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The League of Women Voters of  Kitsap is a non-partisan political organization
which does not support or oppose any candidate or political party.


MISSION STATEMENT : Empowering Voters. Defending Democracy.
VISION STATEMENT : We envision a democracy where every person has the desire, the right, the knowledge and the confidence to participate.


166 Members
League of Women Voters of Kitsap
Upcoming Community Education Program
Saturday, April 27
Click here to see a map of the Olympic College 
Thursday, May 23
Business Meeting 9:00 - 12:00
Luncheon 12:00 - 2:30

Kitsap Conference Center at Bremerton Harborside
100 Washington Ave, Bremerton

------------------------
Luncheon Speaker
-
Washington Secretary of State
Kim Wyman







To make a reservation for the luncheon and to hear Secretary Kim Wyman,
send $25/person to: LWV Kitsap PO Box 1524 Poulsbo, WA 98370

And add a note indicating your choice of entree for each person:
Chicken saltimbocca, Salmon filet, or Vegetarian lasagna.
Reservations due by
Thursday, May 16
EXCITING
Secretary of State
Kim Wyman
Thursday, May 23
"THEY  REPRESENT  YOU"
2019
(TRYs)​

Here is a brochure funded by the League of Women Voters' Education Fund presented courtesy of the League of Women Voters of Kitsap. Contained is a listing of county, state and federal government officials that represent citizens of Kitsap County.
We Are the League of Women Voters of Kitsap
Engage
Join


Learn the story of the League of Women Voters, a long, rich history that is intricately woven into the fabric of America. Our nation’s history is full of people who dreamed big and acted on their beliefs. Americans speak out, agitate for change, organize and stand up for what they believe in. In their souls, Americans are activists. And at the center of activism in the U.S. is the League of Women Voters.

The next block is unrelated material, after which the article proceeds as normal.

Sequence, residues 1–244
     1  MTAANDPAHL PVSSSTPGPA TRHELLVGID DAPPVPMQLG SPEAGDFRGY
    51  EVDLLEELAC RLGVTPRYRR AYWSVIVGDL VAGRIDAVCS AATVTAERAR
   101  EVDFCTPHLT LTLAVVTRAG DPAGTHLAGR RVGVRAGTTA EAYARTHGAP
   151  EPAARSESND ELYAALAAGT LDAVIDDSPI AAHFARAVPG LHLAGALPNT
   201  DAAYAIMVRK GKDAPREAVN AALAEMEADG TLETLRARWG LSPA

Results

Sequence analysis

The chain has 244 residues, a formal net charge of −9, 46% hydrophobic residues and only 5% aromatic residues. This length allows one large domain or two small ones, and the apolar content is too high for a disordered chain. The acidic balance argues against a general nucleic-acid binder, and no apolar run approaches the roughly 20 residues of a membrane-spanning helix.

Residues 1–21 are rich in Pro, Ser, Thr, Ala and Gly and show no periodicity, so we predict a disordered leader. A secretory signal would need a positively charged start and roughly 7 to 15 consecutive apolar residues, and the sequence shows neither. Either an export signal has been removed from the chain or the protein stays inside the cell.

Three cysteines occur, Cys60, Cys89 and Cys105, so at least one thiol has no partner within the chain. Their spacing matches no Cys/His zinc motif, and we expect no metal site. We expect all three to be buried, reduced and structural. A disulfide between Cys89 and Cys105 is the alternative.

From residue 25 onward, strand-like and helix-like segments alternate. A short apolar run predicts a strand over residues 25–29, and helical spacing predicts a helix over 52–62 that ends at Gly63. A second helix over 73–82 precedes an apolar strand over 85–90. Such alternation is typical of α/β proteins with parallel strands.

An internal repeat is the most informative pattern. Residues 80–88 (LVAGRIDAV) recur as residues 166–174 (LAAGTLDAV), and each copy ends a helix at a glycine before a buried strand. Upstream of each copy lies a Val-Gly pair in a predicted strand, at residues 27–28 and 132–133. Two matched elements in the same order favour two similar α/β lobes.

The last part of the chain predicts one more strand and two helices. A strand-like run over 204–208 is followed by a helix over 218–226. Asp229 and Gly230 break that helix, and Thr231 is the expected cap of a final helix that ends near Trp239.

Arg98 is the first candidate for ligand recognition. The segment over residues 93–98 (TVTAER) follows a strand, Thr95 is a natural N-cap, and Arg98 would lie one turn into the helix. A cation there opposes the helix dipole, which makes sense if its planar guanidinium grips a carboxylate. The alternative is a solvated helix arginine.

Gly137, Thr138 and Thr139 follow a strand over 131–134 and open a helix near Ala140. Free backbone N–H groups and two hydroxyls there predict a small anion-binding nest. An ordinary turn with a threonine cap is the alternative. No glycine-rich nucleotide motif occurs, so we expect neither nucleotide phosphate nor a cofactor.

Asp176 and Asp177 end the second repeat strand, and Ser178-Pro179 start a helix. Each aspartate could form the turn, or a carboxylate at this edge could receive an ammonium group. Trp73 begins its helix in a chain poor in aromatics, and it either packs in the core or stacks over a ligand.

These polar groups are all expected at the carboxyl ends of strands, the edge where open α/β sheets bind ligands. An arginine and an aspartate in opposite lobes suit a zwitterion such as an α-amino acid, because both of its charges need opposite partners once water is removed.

Like our country, the League has changed with the times and met new challenges head on. At its’ core, the League of Women voters is about citizenship and the responsibilities that come with democracy. It’s not enough just to have rights. Being a citizen requires participation and the League continues to lead the way in voting rights, ethical government and environmental issues. 

Since it was founded on February 14, 1920, the League of Women Voters has been a nonpartisan, activist, grassroots organization whose leaders believed that citizens should play a critical role in advocacy. Times have changed, political administrations have come and gone, and League members cycled through the ranks, but we continue to work for the core values have made the League a trusted voice in American democracy. We still register voters, testify on voting rights issues, monitor government function and debate issues important to society.  
See How One Vote 
REALLY DOES
Make a Difference

Kitsap County has had numerous elections decided by as little as a handful of votes dating to the mid-1990s. Since then, we have had six races decided by one vote, and two races were dead heats decided by a simple coin toss. Lower turnout and close elections mean that each vote carries greater importance, particularly for our local election measures and contests.

               __________

In 2010, Al Franken became the senator from Minnesota by just 312 votes statewide. That averaged to one extra vote for Al from each of Minnesota's polling places!

In 1985, Jim Chapman won the first U.S. Congressional seat in Texas by fewer than 5 votes per precinct.

In 1978, Marc Garcia won a seat in the California State Senate by 90 votes.

In 1974, Jerry Brown won the race for California governor by a margin of fewer than 8 votes per precinct.

In 1968, Hubert Humphrey lost the presidential race to Richard Nixon by a margin of fewer than 3 votes per precinct.

In 1960, Richard Nixon lost the presidential election and John Kennedy won by a margin of less than 1 vote per precinct. 

League of Women Voters
Milwaukee
Tell me more about the League.....

LEAGUE-L-ESE: 
A Guide to the League of Women Voters

Here is a booklet produced by the League of Women Voters of Central Vermont which was adapted from a publication of the League of Women Voters of St. Paul, MN

                                             This booklet offers you a look at:  
                                                     How the League works
                                                     Questions you might have
                                                     Glossary